Talk:Isotopic labeling

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Comments from Synthetic Circuits (M.Kang) for ENCH468M[edit]

Summary The article summarizes the use of stable isotope labeling as a method for flux quantification. It introduces a model network and diagrams the passage of mixtures of carbon isotopes (specifically glucose conversion) through the pentose phosphate pathway.

Major Comments: The article needs a more complete introduction of carbon isotopes and their chemical background, possibly in the form of internal links to other Wikipedia pages and a short exposition on the background of metabolic fluxes. The rest of the article talks about isotopes in some degree, but the article itself concerns itself only with biological functions – it needs to be integrated better. The claims made in the article also need sources – these are easy in Wikipedia by simply writing [1] in the page to automatically format endnotes.

Minor Comments: Some cleanup needs to be done, such as properly captioning the images, and capitalizing words unnecessarily, but the content in general seems to be complete. Tagelied (talk) 22:29, 30 November 2011 (UTC)

Comments form group W[edit]

Majors problems: The thing that stuck out was the captions for figures 1 and 2. The figures were good but captions were out of order and did not indicate that the circles represented certain carbon atoms. Words such as NMR, MS, Proton NMR, isotopomer and GC-MS should be briefly explained. It is better to be careful about using abbreviations. “Proton NMR was the first technique that was used for 13C-labeling experiments.” Citations are needed especially the testing isotopes part.

Some points that might help:

You could reduce the description of the various ways to measure isotope labeling, such as radioisotopes labelling and GC-MS etc. You should mention them, but just shorten their description. This article needs a clear explanation of stable isotope labeling and how isotopes are incorporated. The terms such as F6P,T3P,G6P, 2,3-13C T3P should be expanded for someone who is not in this class. It has also some parts that should be put together (Metabolic flux analysis, isotope tracer).“Metabolic pathway analysis … to figuring out the metabolic pathways and reactions that occur within a cell.” Instead, figuring out metabolic pathways that occur within a cell makes sense. In the 'metabolic pathways analysis' part, explain how successful stable isotope labeling is used to elucidate metabolic pathways by giving examples from published papers. You might want to focus more on isotopomer balances (the class note and handout might be helpful), applications to metabolic engineering, possible examples of successful isotope labeling in metabolic engineering. You should be careful about terms that you introduce without giving inadequate explanation. I am not sure if proteomics is a branch of genetics. The 'other use of metabolic engineering' part needs some work.There are some wiki articles that explain some terms in that part. — Preceding unsigned comment added by (talk) 06:48, 1 December 2011 (UTC)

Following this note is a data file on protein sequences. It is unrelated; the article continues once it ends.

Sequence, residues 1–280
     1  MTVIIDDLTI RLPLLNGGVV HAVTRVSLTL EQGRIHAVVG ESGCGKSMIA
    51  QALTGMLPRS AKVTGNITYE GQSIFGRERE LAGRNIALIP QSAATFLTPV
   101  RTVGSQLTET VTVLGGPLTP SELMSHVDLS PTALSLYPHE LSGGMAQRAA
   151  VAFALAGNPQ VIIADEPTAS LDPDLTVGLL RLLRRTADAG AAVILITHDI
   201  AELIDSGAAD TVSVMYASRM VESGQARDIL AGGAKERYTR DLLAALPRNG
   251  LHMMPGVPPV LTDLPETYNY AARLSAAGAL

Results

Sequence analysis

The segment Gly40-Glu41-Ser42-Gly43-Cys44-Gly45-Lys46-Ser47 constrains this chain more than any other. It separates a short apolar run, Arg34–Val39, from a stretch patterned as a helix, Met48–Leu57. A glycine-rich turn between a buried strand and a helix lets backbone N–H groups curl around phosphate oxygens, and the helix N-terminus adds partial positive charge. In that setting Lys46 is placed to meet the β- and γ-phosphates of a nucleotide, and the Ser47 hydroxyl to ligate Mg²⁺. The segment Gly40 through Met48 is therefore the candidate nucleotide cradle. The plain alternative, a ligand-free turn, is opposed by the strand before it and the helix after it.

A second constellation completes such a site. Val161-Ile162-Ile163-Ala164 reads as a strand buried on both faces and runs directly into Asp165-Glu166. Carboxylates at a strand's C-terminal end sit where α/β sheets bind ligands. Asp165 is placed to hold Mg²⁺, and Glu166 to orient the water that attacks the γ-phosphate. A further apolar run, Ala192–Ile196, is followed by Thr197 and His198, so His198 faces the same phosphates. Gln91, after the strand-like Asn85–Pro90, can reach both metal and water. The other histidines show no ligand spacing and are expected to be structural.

Instructor review

In general, you need to cite more references and at more places than what you have done.

Your article needs hyperlinks to other Wikipedia articles. I am sure there are Wikipedia articles on NMR, MS, etc. that you can link to.

The title "Testing the isotopes" is a little vague. Be more specific.

The sentence beginning with "13C NMR spectrum allows a more detailed isotopomer distribution" is hyperspecialized and hard to follow without a figure. Don't draw a figure, but condense it and make it more lucid so that the message comes across.

There are myriad methods to derivatize compounds for MS. You should mention the ones you list as examples.

Figure numbers are not used in Wikipedia (as far as I know). See Wikipedia featured articles to get an example.

Don't italicize and capitalize when not necessary. For example the expansions of acronyms do not have to be capitalized: write "nuclear magnetic resonance (NMR)" and not "Nuclear Magnetic Resonance (NMR)".

Don't use jargon: "carbon atom", not "carbon"

Don't write directly to the reader, as in "let us assume ..."

The expressions "meaning that" and "last but not least" seems a little awkward. Reword.

UM BIOE120 Instructor (talk) 05:27, 14 December 2011 (UTC)

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  1. ^ Voight, C.A. “Edge Detetction in…” Cell 12, 29 May 2000